The Safeties: Let's be clear, Jordan Kovacs may be this year's defensive MVP if Mike Martin misses any extended period of time. He's second on the team with 61 stops (36 of them solo) and leads the team in tackles for loss with 6.5. Without Kovacs this would be even worse. How much worse? We'd probably be a game below .500 team right now. No. I'm not over stating that.
Kovacs is the only sure tackler on the defense, he's got the best grasp of the defense, and he's actually getting better in coverage. He's still small and slow, but he's somehow finding ways to overcome that. Yet again, he turned in another Kovacian day with 8 tackles (2nd on the team) and lead everyone on the field with 2.5 TFL. He missed one tackle I can count and dropped an interception that Michigan desperately needed. Other than that, he was really good.
On the other side, Cameron Gordon was Cameron Gordon. He had a couple of great hits in run support, a couple of hits where he didn't wrap up, he made some questionable plays in coverage (one that cost Michigan a touchdown), and missed an INT on a poorly throw Stanziball. This is kind of what we're going to get from here out. My guess is that if we see any improvement, it will be marginal at this point. He'll probably play better against Penn State and their awful offense, but to expect him to play at a consistently high level from here out is basically wishing for the improbable.
Sigh. D for Gordon, B+ for Kovacs. C- overall.
Despite the negative summations above, I see a lot of reasons to be hopeful for the rest of the season. Michigan gave up 536 yards and 383 yards to the #23 and #39 offenses in the country. Thankfully, they did show improvement in their defense against Iowa, though the pass defense did take a bit of a hit. Coming up, Michigan faces the 85th, 72nd, and 84th ranked offenses in the country, all of whom are not captained by multi-year, upperclassmen quarterbacks with dominant offensive lines.
One thing that has to get fixed, and I mean immediately, is the kicking game. Michigan is giving up more than a third of the field before their defense even gets on the field. Kicking balls out of bounds, poor field goal coverage, etc. While it didn't cost Michigan the game, it certainly put another nail in coffin. Unless Michigan manages to fix their special teams issues, and quickly, they very well could drop a game they should've won. And when you're coming off a 5-7 season and staring down 5 games in the Big Ten, that's a luxury Michigan just doesn't have.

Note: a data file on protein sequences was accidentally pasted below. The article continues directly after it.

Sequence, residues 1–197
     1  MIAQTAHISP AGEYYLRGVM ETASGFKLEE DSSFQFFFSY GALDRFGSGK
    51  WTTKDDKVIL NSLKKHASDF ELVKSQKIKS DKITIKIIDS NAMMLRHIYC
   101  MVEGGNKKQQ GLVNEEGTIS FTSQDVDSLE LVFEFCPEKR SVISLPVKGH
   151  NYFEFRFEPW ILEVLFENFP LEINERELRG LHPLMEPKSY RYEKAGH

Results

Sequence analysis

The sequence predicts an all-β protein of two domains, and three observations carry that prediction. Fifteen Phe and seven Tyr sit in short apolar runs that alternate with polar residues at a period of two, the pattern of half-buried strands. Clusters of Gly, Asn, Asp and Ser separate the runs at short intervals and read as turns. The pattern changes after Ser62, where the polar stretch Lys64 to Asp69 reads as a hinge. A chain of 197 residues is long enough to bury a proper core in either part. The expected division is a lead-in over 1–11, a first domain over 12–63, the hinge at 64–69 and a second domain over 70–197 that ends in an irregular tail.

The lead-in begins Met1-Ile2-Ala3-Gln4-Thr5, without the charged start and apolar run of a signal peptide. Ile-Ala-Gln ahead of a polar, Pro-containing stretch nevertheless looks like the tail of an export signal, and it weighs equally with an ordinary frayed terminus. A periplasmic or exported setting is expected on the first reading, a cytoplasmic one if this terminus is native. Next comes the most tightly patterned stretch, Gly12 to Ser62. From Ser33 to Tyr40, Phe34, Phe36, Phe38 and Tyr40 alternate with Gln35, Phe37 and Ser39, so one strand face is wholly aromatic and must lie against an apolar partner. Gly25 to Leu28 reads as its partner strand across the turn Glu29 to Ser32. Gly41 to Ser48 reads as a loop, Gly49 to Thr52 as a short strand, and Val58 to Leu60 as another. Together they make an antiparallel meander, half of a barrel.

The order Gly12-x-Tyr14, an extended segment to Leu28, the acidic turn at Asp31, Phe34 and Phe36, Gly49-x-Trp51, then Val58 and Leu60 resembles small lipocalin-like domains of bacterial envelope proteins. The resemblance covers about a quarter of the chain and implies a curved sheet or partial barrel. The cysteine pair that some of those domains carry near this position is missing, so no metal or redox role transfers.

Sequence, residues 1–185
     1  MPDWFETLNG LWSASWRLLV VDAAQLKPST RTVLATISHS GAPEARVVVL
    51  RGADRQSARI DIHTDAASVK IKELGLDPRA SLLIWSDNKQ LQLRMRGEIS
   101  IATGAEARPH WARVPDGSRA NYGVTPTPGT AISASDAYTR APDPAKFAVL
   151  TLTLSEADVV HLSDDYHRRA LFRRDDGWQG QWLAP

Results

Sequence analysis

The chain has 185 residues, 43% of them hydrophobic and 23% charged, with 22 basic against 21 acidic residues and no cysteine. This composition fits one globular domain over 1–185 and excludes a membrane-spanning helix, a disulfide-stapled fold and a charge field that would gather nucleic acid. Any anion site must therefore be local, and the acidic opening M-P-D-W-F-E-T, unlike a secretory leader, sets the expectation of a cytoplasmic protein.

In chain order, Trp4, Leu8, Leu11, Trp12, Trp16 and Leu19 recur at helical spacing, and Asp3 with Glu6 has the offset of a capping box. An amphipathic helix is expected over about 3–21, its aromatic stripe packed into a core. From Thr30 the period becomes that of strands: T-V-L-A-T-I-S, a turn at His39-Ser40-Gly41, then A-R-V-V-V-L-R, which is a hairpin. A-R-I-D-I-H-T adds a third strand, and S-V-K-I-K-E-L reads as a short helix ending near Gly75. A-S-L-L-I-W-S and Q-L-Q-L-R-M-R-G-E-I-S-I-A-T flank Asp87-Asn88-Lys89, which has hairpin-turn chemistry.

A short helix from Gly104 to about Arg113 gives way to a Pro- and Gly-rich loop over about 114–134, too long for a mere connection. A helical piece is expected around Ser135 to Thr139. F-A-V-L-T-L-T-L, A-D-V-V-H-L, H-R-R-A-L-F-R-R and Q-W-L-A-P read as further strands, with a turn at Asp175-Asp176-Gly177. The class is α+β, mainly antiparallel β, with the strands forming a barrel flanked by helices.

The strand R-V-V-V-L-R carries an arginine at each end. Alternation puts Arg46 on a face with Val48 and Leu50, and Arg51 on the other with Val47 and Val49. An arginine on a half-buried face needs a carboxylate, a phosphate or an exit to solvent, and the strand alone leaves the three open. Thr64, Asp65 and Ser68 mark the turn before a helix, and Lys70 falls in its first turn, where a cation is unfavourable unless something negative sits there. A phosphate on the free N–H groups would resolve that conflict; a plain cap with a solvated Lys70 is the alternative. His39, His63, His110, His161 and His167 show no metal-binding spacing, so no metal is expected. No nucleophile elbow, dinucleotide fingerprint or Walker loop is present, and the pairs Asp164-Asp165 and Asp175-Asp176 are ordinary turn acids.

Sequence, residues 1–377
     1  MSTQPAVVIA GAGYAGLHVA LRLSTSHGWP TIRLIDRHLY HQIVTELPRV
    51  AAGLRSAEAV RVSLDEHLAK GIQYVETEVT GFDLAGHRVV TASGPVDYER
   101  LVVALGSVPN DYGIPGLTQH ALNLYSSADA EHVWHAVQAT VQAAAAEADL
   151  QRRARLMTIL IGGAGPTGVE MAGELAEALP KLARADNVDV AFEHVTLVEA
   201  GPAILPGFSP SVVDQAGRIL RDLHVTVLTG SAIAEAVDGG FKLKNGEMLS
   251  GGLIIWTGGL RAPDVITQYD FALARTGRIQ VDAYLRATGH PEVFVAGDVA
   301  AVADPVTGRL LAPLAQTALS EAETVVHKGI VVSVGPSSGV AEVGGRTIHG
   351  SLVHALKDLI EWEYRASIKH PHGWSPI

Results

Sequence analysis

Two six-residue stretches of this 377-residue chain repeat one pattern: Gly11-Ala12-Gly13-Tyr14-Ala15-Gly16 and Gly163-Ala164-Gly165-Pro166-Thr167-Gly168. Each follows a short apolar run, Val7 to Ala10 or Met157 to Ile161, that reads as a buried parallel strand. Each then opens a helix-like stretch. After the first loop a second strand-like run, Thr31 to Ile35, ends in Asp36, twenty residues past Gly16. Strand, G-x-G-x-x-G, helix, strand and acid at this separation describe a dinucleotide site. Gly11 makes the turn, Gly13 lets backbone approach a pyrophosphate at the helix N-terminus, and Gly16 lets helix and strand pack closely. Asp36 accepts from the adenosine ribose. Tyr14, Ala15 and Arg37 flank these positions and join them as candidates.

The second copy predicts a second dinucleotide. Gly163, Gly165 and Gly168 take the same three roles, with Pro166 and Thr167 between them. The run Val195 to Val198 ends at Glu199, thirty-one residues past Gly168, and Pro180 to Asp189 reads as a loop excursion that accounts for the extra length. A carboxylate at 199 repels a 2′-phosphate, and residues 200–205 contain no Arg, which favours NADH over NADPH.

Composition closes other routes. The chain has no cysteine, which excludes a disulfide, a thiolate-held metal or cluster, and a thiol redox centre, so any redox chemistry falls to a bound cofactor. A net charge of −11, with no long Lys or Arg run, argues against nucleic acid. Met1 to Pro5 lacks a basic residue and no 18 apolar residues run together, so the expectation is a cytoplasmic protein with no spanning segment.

Another thing that's certainly worth considering at this point is playing either Marvin Robinson or Ray Vinopal a couple of series at safety over Gordon. "But they're freshmen!" Yes they are. But they're freshmen who played safety their entire lives and should have some instincts at the position. And it's not like Cam Gordon is a senior starter, he's a redshirt freshman who converted to safety last spring from wide receiver. I think the results would either be the same or, god forbid, be a little better.
I have no suggestions for fixing the cornerback position that doesn't entail patience, recruiting, and an act of God. It's going to be rough.
That said, and returning to the positives, Kenny Demens arrival is a very, very big deal. Sure Iowa ran for some yardage, but when Demens was in the game Michigan finally wasn't getting gashed up the middle anymore. Iowa made its living on the ground on the edges counting on a bad day from Mouton, which they got. Kovacs and Demens meant that Iowa could not run at will, and that forced Iowa to the air to use their duo of very talented receivers. Sadly, Michigan's pass defense wasn't up to the challenge. But progress is progress, and I'll take what I can get out of this defense at this point.
Another thing to consider is that Michigan played 3/4th of this game without Mike Martin, their best lineman. Assuming Martin is healthy for the stretch run, his presence combined with improved linebacker play could dramatically improve Michigan's defense. The other thing that warrants mentioning is that Michigan was finally in position to make the plays it needed to. For a myriad of reasons (youth, inexperience, size), it didn't. But for the first time in three years Michigan was in position to make plays. This is a big step. Finally, we're not asking where the F is the defense on a particular play. They're finally in position. The next step is making the tackle. I know that's a strange thing to get all excited about, but after so many frustrating years of watching Michigan woefully out of position I'll take this as progress.
I'm extrapolating quite a bit from a loss where we gave up 38 points, but I'm hopeful we saw some things on the field that will make a big difference the rest of the year. Saturday's performance wasn't great. It wasn't pretty. But it was better tahn against MSU. It was better than against UMass. It was better than against Notre Dame. I believe it'll get there. It's just going to be an excruciating until it does.